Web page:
NASA Master Clock

NASA is currently developing a new system for distributing timing reference information over long distances.  The new system will replace an older system called the Deep Space Network (DSN) frequency and timing subsystem (FTS).  The new system will be more modular, expandable, and easier to maintain.  The heart of the system is a master clock assembly (MCA) that creates time signals synchronized to a 100 MHz reference signal from an atomic frequency standard.  The MCA creates a timing signal called a system time code (STC) that is sent via fiber optic cable to a distribution assembly (DA).  The distribution assembly reconstitutes the signal and sends it either to another DA for additional fan out or to a time-code translator (TCT) also via fiber optic cable.  The TCT compensates for the delay in the signal from the MCA and creates time codes or pulse rates as required; the TCT is the interface to the end user of the timing signal and can be distributed as an electrical signal or optical signal as necessary at this point [1].  More information can be found in the Technical Support Package at www.techbriefs.com/tsp under the Electronics/Computers category.  I had trouble navigating to this information on the Tech Briefs web site, but was able to find it with a Google search of the article described in [1].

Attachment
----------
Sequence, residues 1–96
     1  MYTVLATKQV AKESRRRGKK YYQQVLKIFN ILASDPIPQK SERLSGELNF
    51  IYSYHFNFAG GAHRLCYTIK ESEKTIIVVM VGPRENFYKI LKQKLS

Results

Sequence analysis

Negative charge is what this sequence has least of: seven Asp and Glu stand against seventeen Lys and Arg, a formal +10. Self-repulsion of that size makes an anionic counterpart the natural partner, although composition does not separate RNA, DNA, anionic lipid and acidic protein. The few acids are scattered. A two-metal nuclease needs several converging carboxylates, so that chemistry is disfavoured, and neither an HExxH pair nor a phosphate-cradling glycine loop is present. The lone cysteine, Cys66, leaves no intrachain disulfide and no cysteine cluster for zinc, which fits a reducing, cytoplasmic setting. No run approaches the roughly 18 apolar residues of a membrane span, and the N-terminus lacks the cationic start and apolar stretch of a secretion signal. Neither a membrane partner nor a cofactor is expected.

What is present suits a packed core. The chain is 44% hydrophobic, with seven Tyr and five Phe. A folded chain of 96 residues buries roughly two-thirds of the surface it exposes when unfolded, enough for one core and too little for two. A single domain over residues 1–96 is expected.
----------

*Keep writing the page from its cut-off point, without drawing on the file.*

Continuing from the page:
[1] NASA Jet Propulsion Laboratory. May 2007. “Master Clock and Time-Signal-Distribution System.” NASA Tech Briefs.

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